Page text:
Book Review: The Revelation of Louisa May
By: Michaela MacColl
Published By: Chronicle Books
Publication Date: April 14, 2015
Page Count: 272
Source: ARC Kindly Provided by Publisher via Edelweiss
Audience: Young Adult - Historical Fiction
I have loved Little Women since I was a girl. It is one of those novels that captured my imagination and heart without letting go. As an adult, I still reread it fondly. My knowledge of its author, Louisa May Alcott, was slim so when I saw this novel, I was intrigued about the chance to read about an author who had such an impact on me. The Revelation of Louisa May combines authentic historical fact with the imaginings of Michaela MacColl.
Louisa is a teenager at the time of this story. Her life is not the cozy, aristocratic life I imagined, but more like the one in Little Women. Louisa and Jo have so much in common. The Alcott household is rich in ideals, but low in funds. In fact, at the book's opening things have become so dire that Louisa's mother, Marmee, and younger sister, May, are leaving to spend the summer in New Hampshire where Marmee will work to gain income for the struggling family. Meanwhile, Louisa is expected to keep the household running and perform all of Marmee's domestic duties. This wasn't uncommon for the time period, but I was angry that none of this would have been an issue if Louisa's father, Bronson, had just gotten a job to support his family. Bronson feels that he should not have to work for anyone due to his brilliant mind, but thoughts do not pay the bills. It did not seem to bother Bronson at all that his family had to largely rely on charity from good friends and family.
Louisa is exasperated by her father and the impending separation from her mother. I loved that Louisa was headstrong and outspoken. She had no problem putting men in their place and doing as she pleased in spite of the social norms of the time period. She truly was not one to fit into the gender mold created by men. Her spirit made me smile and again conjured images of Jo March. The gender double standard plays a heavy role in this one.
In addition to normal household chores, Louisa also must manage her family's stop on the Underground Railroad. Hiding slaves was not something many people in her community supported; it was dangerous work that could jeopardize the enter family. The Alcotts had a complex system to keep the fugitives hidden until they could continue their journey north. Things get more complicated and dangerous when a slave catcher named Finch arrives in town looking for a slave who happens to be hidden away on the Alcott property. I was interested in learning more about Louisa's connection the Underground Railroad.
In addition to the historical components that I loved, it was also intriguing to see other literary figures play an important role in the Alcott's lives. Ralph Waldo Emerson and Henry David Thoreau are neighbors and close friends of the Alcotts. I don't know much about these gentlemen aside from their literacy creations, but now I am inspired to learn more about these men. Louisa's walks on the banks of Walden Pond made me smile. I had no idea that Emerson and Thoreau knew Louisa so well.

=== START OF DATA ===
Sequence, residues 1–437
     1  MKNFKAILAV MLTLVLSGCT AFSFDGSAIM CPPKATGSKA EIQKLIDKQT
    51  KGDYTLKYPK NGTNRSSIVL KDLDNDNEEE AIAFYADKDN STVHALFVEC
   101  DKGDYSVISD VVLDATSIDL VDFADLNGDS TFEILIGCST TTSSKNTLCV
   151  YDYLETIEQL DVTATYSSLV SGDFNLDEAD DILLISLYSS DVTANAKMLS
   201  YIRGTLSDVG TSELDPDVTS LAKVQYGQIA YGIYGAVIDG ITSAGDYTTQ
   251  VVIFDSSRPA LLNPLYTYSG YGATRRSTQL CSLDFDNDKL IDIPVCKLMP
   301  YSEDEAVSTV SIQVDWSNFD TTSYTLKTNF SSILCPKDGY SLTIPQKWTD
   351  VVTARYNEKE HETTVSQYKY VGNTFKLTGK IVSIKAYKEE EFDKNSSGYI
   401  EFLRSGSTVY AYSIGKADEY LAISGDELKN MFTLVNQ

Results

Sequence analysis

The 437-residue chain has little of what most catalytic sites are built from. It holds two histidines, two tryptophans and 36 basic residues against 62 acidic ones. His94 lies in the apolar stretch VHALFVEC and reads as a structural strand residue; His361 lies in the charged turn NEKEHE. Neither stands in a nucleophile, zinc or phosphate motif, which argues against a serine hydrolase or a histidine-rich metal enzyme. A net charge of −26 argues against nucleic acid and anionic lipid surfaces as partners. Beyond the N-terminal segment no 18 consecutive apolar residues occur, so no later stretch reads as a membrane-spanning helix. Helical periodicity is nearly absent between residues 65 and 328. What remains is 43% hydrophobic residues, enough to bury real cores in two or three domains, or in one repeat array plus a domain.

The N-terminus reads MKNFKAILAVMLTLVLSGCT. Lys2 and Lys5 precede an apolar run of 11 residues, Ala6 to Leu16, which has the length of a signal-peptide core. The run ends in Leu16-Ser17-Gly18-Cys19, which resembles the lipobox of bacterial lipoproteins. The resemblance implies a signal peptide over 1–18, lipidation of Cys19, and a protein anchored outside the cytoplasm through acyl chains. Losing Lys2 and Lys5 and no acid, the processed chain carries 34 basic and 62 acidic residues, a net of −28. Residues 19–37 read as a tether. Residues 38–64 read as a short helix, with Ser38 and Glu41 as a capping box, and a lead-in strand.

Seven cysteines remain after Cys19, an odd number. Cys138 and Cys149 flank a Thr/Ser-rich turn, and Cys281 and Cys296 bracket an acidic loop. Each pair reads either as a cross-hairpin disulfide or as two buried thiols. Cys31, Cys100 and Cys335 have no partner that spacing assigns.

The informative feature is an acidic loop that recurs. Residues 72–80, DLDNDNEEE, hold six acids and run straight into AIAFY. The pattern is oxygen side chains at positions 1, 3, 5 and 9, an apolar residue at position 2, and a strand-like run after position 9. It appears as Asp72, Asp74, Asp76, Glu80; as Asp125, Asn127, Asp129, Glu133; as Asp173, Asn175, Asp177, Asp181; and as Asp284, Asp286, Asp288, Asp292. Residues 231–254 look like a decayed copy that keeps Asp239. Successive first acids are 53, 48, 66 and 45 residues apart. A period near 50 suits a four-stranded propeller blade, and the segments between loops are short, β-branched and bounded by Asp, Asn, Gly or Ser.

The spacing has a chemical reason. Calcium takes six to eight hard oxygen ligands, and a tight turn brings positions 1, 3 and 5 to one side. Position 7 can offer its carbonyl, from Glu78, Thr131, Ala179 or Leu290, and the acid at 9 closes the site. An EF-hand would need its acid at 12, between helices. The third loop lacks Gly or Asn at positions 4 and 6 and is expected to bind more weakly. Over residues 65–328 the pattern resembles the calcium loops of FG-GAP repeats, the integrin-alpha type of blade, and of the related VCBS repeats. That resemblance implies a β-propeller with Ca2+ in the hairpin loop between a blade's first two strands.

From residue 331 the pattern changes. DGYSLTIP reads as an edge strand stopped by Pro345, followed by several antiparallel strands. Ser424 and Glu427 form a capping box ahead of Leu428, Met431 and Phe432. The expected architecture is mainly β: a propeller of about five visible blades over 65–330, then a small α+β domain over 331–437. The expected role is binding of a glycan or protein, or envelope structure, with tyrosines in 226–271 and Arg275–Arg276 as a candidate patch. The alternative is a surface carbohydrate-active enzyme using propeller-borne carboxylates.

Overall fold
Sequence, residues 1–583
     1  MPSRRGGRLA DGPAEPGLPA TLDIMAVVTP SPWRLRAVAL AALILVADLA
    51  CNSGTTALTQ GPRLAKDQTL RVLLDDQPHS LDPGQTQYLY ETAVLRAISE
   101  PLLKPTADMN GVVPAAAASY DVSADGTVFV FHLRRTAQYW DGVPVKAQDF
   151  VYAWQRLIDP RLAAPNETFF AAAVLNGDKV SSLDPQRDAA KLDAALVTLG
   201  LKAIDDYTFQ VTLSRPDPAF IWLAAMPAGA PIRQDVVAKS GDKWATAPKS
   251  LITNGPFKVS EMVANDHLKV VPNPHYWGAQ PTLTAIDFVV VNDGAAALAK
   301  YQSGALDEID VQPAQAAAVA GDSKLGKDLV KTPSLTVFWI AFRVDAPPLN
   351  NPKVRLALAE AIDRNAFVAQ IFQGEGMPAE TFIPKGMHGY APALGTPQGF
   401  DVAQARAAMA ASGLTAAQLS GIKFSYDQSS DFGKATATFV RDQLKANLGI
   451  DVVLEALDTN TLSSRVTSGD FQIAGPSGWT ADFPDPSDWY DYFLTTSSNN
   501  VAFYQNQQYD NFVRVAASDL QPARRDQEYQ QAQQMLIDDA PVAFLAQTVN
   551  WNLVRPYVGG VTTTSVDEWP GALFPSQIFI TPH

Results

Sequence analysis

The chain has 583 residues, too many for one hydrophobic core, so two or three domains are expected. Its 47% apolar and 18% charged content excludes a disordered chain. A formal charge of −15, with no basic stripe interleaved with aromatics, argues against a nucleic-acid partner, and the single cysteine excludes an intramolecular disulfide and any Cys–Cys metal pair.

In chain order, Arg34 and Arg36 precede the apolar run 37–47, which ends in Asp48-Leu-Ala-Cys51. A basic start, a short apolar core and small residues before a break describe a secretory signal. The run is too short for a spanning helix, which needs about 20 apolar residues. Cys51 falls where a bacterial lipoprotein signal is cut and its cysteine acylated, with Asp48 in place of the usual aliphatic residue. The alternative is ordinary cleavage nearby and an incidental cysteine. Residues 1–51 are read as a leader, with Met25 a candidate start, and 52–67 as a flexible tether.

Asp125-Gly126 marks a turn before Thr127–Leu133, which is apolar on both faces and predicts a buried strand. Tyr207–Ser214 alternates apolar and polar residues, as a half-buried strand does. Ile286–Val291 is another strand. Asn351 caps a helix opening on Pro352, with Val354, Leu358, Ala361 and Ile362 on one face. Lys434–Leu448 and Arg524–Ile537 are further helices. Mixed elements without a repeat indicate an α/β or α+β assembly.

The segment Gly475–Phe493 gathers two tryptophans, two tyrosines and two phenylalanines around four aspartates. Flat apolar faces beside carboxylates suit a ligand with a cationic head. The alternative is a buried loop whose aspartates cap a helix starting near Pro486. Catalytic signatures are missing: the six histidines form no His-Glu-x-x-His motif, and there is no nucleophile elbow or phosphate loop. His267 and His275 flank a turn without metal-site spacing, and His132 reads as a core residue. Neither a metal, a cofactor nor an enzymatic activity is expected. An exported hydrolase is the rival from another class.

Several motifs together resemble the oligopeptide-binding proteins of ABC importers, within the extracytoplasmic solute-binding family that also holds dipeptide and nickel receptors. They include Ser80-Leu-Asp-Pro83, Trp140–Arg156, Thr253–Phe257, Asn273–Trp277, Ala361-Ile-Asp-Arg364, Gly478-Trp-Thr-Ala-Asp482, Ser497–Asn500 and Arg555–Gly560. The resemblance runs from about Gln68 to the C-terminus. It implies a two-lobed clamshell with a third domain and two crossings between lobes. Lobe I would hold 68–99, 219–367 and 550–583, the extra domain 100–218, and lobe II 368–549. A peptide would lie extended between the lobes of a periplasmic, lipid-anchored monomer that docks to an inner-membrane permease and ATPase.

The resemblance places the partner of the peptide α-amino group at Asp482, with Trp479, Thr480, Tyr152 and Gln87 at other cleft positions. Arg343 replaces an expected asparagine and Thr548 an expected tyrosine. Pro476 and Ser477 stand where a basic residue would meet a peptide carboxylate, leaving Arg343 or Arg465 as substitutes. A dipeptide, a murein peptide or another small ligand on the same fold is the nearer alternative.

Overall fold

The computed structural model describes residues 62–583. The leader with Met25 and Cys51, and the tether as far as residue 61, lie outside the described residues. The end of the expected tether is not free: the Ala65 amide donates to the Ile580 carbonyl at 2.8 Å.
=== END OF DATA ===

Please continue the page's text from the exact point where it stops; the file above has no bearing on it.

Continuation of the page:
History isn't the only thing driving this novel. There is a murder mystery as well. I didn't enjoy this component as much as the historical pieces. In fact, when the murder happens and the plot begins to revolve around the "whodunnit", I felt my attention wavering.
Overall, I enjoyed this glimpse into the life of Louisa May Alcott. The author's information at the end of the novel helped me piece together what was based in fact and what was fiction. I am inspired to read and learn more about this fascinating female author; I appreciate that there were suggestions for further reading at the end of this one. This was also my first experience reading one of Michaela MacColl's titles, but I own several of her other works. I'm excited to work them into my reading schedule. I love that MacColl combines historical research, strong female leads, and compelling plots.
One Last Gripe: I loved the history, but I could have done without the murder mystery.
Favorite Thing About This Book: I loved that each chapter began with a quotation from Little Women.
First Sentence: "You're leaving me?"
Favorite Character: Louisa
Least Favorite Character: Finch
Louisa May Alcott can't believe it—her mother is leaving for the summer to earn money for the family and Louisa is to be in charge of the household. How will she find the time to write her stories, much less have any adventures of her own? But before long, Louisa finds herself juggling her temperamental father, a mysterious murder, a fugitive seeking refuge along the Underground Railroad, and blossoming love. Intertwining fact, fiction, and quotes from Little Women, Michaela MacColl has crafted another spunky heroine whose story will keep readers turning pages until the very end.